Setting and Data Source
The data for this study were collected by the Measurement, Learning & Evaluation (MLE) project for the impact evaluation of the Nigerian Urban Reproductive Health Initiative (NURHI). NURHI, funded by the Bill & Melinda Gates Foundation, aimed to increase modern family planning use among the urban poor through a multi-pronged approach that included improving the quality of family planning services in high-volume urban health facilities. The intervention supported contraceptive supply chains and logistics, training for family planning counseling and provision, and facility level management systems. This study utilizes health facility (N= 400, 58% hospitals, 42% primary healthcare centers) and healthcare provider (N= 1,479) baseline survey data that were collected in 2011 from Abuja (Nigeria’s capital), Benin City, Ibadan, Ilorin, Kaduna and Zaria (34). NURHI selected these cities because they include both northern and southern regions of the country and each has a population of approximately, or more than, one million. The northern and southern regions of Nigeria differ in their cultural, economic, and religious characteristics; the north is poorer and predominantly Muslim while the south is more affluent and predominantly Christian.
Two categories of healthcare facilities are included in the sample: high-volume facilities (HVF) (n = 112) and preferred- provider facilities (PPF) (n = 288). HVF and PPF can be either public or private, and they can be either primary or secondary facilities. The sample includes all public facilities in the study cities. HVF, generally the top service delivery sites by client load, offered both antenatal care and immunization services; these facilities served more than 1,000 antenatal clients per year. The NURHI program supported all HVF, and all of these facilities are included in the sample (34). PPF were identified from a baseline household survey conducted by MLE that contained a representative sample of 16,144 women aged 15-49. Women were asked the name of each facility where they went for family planning, maternal health, and child health services. Using this information, MLE created a list of facilities that women reported by study cluster (primary sampling unit). The most commonly mentioned facility in each primary sampling unit was categorized as a PPF. If the PPF was already included in the sample as a public facility or an HVF, then the second most-commonly mentioned facility was included. If the second most-commonly stated facility was already in the sample, no additional facility was included. Including the PPFs along with the public facilities and HVFs ensures that the sample includes facilities that women in these urban areas actually visit.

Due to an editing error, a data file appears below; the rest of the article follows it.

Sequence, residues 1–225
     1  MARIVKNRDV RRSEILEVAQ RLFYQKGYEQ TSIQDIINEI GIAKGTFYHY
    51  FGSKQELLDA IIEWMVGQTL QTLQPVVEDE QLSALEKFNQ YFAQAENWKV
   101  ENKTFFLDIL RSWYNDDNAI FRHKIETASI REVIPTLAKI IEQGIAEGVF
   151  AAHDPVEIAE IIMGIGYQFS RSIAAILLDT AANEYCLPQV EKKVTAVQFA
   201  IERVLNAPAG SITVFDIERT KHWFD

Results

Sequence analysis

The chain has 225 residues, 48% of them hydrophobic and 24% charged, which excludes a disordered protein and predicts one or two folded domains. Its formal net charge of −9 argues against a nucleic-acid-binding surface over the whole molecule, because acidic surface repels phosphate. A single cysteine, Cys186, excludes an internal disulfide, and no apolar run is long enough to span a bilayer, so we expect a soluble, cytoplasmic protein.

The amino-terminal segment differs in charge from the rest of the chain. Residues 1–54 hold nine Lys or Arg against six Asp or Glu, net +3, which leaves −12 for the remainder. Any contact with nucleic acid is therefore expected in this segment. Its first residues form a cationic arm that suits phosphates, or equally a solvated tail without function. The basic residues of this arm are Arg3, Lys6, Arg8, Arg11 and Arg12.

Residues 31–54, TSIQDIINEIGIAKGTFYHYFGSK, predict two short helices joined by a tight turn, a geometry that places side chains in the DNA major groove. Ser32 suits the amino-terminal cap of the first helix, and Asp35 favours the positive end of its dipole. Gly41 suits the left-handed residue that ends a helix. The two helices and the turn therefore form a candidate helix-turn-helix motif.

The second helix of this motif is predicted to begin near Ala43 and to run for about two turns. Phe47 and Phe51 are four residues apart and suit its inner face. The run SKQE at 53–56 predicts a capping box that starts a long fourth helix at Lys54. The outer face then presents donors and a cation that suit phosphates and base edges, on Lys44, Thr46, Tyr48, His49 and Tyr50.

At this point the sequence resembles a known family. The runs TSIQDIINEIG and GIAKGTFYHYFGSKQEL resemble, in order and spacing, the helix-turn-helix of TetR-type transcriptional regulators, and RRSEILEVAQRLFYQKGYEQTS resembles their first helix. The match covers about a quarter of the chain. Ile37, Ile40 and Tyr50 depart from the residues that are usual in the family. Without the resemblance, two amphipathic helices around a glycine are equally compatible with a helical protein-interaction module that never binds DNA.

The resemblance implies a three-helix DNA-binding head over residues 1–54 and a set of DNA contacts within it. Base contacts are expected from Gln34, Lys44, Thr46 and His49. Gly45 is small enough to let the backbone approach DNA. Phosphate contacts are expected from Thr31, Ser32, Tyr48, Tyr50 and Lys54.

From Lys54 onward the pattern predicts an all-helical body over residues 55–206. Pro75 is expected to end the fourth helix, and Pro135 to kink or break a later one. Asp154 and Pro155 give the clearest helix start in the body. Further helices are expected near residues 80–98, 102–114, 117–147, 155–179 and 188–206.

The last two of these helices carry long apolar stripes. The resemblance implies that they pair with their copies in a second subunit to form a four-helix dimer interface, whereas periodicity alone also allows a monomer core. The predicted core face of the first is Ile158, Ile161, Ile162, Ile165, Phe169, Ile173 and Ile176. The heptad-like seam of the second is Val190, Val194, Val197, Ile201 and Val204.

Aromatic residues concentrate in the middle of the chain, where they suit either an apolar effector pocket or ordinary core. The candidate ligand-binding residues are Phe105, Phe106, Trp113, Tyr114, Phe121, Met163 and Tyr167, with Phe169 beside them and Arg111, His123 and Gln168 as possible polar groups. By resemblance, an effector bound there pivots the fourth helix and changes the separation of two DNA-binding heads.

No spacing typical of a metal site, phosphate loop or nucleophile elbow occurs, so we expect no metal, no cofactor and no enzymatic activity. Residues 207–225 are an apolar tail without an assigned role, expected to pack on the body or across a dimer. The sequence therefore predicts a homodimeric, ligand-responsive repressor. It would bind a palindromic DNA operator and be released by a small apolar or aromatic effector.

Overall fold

This study utilizes instruments developed for the NURHI impact evaluation, which draws upon validated tools selected from the Quick Investigation of Quality (35). Facility and provider surveys were conducted in each facility by trained interviewers hired by Data Research and Mapping Corporation; the MLE project provided technical assistance for training of interviewers. The surveys collected information on the readiness of facilities and providers to offer integrated services, usual or ‘normal’ family planning service provision practices in specific circumstances (e.g., usual or ‘normal’ practice within the facility if a woman has come for a child health service visit and is interested in receiving a hormonal method of contraception), gaps in commodities, equipment, training and resources, the extent of family planning integration into maternal, newborn and child health services, and other health facility characteristics. One facility audit was conducted per facility by asking questions of a manager or another administrator. In larger facilities, four providers were selected through simple random sampling to complete the provider survey; in the event that a provider declined another provider was randomly selected until four eligible providers consented to interview. In facilities with four or fewer providers, all were approached for interview. Providers eligible for inclusion were medically qualified to provide clinical services and assigned to provide direct family planning and/or maternal, newborn and child health services to clients at that facility; their responses are analyzed in this study.
This study employs Principal Component Analysis (PCA) to create two family planning and child immunization services integration indexes: a Provider Integration Index and a Facility Integration Index. All analyses were conducted using Stata version 13.1 (Stata Corp, LP, College Station, Texas).